The Dow Jones Industrials (DJINDICES:^DJI) plunged 160 points on Friday, with momentum stocks leading the broader market downward and calling the entire bull market into question. But amid the chaos in which 26 Dow components lost ground, three of the four gainers in the Dow were stocks that investors traditionally see as being good defensive plays in shaky markets: Coca-Cola (NYSE:KO), McDonald's (NYSE:MCD), and Johnson & Johnson (NYSE:JNJ). Can these three stocks fulfill their usual function of providing protection for investors from the next bera market -- whenever it comes? Let's take a closer look.
The idea of defensive stocks is pretty simple. Some stocks don't have huge growth prospects, with steady and reliable streams of revenue and income that don't necessarily change all that much even as economic conditions rise and fall. People always need to eat, drink, and have basic first-aid materials on hand, and so McDonald's, Coca-Cola, and Johnson & Johnson all have baseline demand no matter how bad the economy gets.
But several things about defensive stocks have investors worried about how good a job they might do this time around in protecting them from a downturn. Valuations for these stocks are all reasonably high, with many investors already having jumped into shares in order to reap their high dividend payouts. All three stocks fetch between 18 and 21 times trailing earnings, which is pricier than the Dow as a whole.
At the same time, growth prospects for all three companies aren't assured. Johnson & Johnson recently sold off its Ortho diagnostics unit in order to refocus on its core pharmaceuticals business, which has the greater prospects for growth if the candidate drugs in its extensive pipeline pay off. But with plenty of competition in the pharma space, Johnson & Johnson has no assurance of being able to sustain high growth. Similarly, McDonald's has struggled to grow, with efforts to expand its menu running into difficulty as other players in the fast-food industry look to invade McDonald's breakfast space while higher-end fast-casual chains build up their competitive advantages. Coca-Cola faces the even bigger threat of falling carbonated beverage volumes, especially as health concerns about diet soda and the artificial sweeteners found in it have led many consumers to move away from the products.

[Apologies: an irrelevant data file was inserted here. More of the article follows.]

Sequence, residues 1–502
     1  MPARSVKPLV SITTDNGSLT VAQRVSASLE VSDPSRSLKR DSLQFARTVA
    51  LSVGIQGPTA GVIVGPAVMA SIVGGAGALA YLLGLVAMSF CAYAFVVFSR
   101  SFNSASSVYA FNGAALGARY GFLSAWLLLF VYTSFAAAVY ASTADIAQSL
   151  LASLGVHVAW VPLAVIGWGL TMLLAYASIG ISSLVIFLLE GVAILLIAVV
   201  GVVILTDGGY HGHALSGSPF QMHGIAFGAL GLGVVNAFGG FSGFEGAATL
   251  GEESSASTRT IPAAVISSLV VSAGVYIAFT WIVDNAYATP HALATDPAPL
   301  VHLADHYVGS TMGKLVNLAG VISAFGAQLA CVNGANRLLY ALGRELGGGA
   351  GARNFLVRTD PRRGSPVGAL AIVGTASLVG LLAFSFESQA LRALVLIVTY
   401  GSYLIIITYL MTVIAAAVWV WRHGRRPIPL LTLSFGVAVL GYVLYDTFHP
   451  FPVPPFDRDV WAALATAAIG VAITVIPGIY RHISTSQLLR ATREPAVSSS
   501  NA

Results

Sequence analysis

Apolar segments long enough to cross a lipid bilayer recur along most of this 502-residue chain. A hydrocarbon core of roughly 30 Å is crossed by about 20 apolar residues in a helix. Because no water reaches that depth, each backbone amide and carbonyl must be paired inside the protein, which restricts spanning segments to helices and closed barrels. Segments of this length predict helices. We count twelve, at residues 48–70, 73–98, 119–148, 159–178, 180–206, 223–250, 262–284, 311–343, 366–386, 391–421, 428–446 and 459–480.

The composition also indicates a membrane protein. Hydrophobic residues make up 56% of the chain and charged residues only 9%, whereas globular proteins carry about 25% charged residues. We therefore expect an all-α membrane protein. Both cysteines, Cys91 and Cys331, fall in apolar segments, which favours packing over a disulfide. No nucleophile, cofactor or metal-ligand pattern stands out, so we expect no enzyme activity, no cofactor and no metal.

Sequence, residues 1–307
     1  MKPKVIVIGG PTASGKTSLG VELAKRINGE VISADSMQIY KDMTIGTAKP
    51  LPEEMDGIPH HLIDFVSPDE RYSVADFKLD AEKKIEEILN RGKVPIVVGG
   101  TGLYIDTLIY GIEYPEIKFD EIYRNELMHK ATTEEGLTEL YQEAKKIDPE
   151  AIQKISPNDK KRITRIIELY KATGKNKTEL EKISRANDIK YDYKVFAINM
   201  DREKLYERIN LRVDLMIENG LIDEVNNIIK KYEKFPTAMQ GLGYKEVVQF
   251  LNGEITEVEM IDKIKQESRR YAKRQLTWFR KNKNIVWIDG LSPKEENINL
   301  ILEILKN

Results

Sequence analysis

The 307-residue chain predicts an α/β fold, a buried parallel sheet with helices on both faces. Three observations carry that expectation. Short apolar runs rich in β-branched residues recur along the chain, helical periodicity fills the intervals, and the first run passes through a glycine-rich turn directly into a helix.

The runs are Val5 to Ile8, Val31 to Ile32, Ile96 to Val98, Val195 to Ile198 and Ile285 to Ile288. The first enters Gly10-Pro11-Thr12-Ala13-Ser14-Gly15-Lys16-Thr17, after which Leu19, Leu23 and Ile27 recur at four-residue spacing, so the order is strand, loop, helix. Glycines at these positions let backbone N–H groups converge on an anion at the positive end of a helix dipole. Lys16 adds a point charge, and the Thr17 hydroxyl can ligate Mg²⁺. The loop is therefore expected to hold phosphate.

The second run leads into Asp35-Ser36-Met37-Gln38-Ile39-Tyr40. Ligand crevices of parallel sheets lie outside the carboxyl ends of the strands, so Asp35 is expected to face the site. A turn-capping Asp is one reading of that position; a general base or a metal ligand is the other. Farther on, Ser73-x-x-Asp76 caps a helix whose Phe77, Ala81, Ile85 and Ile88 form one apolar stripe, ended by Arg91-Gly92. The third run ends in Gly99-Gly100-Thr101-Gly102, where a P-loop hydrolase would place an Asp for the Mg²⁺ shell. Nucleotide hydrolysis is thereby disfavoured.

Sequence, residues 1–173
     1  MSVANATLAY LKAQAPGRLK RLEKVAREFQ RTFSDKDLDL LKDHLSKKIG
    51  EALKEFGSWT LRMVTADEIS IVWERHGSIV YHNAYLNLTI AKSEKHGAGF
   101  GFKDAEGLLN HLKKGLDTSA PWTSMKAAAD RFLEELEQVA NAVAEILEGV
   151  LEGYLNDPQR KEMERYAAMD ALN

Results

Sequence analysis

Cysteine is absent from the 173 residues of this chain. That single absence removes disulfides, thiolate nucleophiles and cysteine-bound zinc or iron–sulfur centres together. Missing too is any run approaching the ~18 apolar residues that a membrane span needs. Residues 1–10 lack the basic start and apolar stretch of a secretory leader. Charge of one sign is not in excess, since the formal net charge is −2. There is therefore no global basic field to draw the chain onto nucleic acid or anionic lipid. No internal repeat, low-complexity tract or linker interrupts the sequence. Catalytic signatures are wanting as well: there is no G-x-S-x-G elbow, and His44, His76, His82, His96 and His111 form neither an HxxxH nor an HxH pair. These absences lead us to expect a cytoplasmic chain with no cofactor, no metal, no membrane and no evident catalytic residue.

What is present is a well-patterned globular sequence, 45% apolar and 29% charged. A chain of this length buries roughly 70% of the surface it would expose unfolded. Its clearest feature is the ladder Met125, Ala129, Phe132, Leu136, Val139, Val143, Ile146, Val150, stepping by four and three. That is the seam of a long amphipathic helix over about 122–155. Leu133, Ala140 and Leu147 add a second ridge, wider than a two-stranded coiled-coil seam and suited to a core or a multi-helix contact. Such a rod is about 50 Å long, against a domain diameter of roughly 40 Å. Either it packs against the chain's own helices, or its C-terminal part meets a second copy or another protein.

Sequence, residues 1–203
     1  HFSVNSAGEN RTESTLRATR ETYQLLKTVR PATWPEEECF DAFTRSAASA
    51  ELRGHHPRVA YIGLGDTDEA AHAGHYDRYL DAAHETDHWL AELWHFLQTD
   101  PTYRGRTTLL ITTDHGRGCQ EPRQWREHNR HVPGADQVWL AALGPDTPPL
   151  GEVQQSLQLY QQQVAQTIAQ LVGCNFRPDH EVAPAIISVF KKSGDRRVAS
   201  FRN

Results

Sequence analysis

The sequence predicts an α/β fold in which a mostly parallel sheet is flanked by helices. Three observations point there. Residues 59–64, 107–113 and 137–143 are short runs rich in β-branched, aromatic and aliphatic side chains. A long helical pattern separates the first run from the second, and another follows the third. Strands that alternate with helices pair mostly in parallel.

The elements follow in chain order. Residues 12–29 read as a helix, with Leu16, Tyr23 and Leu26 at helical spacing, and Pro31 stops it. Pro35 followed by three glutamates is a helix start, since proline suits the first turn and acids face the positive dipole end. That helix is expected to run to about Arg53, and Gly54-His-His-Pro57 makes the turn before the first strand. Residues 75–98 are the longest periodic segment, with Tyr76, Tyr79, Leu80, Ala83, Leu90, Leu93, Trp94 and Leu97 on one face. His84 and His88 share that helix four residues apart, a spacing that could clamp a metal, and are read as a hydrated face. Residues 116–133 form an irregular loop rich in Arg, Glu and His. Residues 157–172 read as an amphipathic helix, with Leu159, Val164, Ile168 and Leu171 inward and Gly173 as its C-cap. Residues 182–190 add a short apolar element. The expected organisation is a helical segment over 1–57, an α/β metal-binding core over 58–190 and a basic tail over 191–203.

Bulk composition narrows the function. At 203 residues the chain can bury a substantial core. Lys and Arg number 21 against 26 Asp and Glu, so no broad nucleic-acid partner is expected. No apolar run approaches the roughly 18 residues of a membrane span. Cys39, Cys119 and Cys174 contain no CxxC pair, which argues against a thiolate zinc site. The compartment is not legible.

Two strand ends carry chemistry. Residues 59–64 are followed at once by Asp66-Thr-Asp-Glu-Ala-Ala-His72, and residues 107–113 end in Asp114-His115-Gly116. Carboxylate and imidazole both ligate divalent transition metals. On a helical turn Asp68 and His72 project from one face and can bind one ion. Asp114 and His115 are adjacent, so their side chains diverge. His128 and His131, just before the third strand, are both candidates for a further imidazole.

The argument for defensive stocks
Despite these reasons to be wary of defensive stocks, the fact is that many investors still look to Johnson & Johnson, McDonald's, and Coca-Cola as ports in stock market storms. Based solely on that perception, it's entirely possible that if the Dow starts moving downward, these stocks will still outperform.
In the long run, though, you need to be careful with defensive stocks like these. With the premise underlying defensive strategies being modest but reliable growth, any threat to these companies could leave you realizing that they weren't strong defensive plays to begin with.